Austin J Clin Immunol. 2016; 3(1):1027.
Getinet Melkamu*, Gelaw Baye and Assefa Abate
Department of Medical Microbiology, University of Gondar, Ethiopia
*Corresponding author: Getinet Melkamu, Department of Medical Microbiology, School of Biomedical and Laboratory Sciences, College of Medicine and Health Sciences, University of Gondar, Gondar, Ethiopia
Received: January 08, 2016; Accepted: January 30, 2016; Published: February 02, 2016
Human Papillomavirus (HPV) is among the large group of epitheliotropic viruses with more than 100 different types. There are about 40 HPV types infecting the human body with the association of oncogenic risk. The development of cervical cancer is contributed by a variety of factors even though HPV is the primary etiologic agent. Cervical cancer is the second most common cancer among women in the developing countries and estimated to affect approximately 500 000 women worldwide each year, of whom 80% live in developing countries. All cervical cancer cases are resulted from genital infection of HPV and shared similar risk factors with Human Immunodeficiency Virus (HIV).
There is no effective treatment for HPV infections and immunization against HPV may be paramount important to prevent this infection. The main aim of this review is to compile data on HPV vaccinations. Vaccination of target groups is indispensable aspect of HPV prevention. The two currently available HPV vaccines, Gardasil and Cervarix are designed to protect against four types of HPV. Each of them produce Virus Like Particles (VLPs) prepared from recombinant vaccine technology. These vaccines are most effective during childhood or adolescence, but adults also can be benefited. The HPV vaccine is highly immunogenic have the ability to circumvent the viral immune evading mechanisms. The vaccine has no serious side effects, targeted for reproductive age groups, highly efficacious in preventing new infections of most common oncogenic HPV types and will dramatically reduce the rates of HPV associated cancer. The vaccine is widely and properly delivered to the target population particularly for developing countries. So feature researches should be focus on the introduction of HPV vaccines in to routine immunization.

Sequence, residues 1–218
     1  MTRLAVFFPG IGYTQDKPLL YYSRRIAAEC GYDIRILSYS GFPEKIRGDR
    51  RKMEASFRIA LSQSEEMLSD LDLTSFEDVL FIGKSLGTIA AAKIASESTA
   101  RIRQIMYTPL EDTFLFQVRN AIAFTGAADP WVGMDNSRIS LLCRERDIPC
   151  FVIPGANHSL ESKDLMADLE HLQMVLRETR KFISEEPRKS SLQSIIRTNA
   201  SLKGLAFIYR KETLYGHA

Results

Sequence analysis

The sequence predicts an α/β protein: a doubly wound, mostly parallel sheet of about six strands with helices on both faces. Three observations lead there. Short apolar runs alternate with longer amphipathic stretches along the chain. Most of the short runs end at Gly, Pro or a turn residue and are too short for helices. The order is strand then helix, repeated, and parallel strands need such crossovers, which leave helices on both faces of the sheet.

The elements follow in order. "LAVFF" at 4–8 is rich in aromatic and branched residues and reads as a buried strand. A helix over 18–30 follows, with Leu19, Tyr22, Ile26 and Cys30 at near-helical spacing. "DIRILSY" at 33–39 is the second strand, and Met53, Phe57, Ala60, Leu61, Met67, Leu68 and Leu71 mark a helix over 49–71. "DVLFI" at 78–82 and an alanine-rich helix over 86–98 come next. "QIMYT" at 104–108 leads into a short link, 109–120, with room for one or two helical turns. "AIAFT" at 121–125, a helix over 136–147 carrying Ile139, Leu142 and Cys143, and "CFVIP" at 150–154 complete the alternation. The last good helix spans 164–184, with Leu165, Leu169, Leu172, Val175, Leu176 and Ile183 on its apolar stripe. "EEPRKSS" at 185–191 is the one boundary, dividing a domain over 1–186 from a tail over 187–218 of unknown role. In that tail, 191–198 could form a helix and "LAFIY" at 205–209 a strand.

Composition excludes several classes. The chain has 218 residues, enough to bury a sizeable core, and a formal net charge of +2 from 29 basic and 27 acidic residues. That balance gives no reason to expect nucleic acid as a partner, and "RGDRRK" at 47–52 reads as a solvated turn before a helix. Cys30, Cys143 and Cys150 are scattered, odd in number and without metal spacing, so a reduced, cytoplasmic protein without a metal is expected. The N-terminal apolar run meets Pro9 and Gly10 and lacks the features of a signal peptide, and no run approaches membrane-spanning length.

Keywords: Human papillomavirus; HPV vaccine
The papillomaviruses are members of the family Papovaviridae, non enveloped and double strand Deoxy ribonucleic Acid (DNA) virus . Papillomaviruses can infect humans as well as animals. Papillomaviruses that infect humans are known as human papillomavirus. The HPV usually causes a variety of benign papillomatous lesions of the skin, squamous mucosa and induces tumors in their natural host .
Human papillomavirus is among the large group of epitheliotropic viruses of more than 100 different types, 40 are known to cause infections to humans. Some of them are associated with oncogenic risk . Based on their oncogenic potential genital HPV can be classified in to Low-Risk (LR) and High-Risk (HR) genotypes. The HPV 16 and 18 are among the HR types and responsible for the majority of HPV associated cancers of the ano-genital tract, while HPV 6 and 11 are the LR types which cause a substantial proportion of low-grade cervical dysplasia. More than 90% of genital warts are also due to LR types. On the other hand 99% of cervical cancer is due to HR types .
Though, HPV is the primary etiologic agents of cervical cancer, variety of factors contribute for the development of cervical cancer. Several studies revealed that HIV infection in women is associated with an increased risk of HPV associated malignancies and cervical cancer . Different findings also strongly support a dose response relationship between host immune status and the risk of HPV-related tumorigenesis . The HIV-positive women have a higher prevalence of cervical epithelial cell abnormality and high progression rate of precancerous cervical lesions . Cervical cancer is the aggravation factor for the progression of HIV and vice versa . HIV treatment guidelines recommend annual Pap tests for HIV infected women .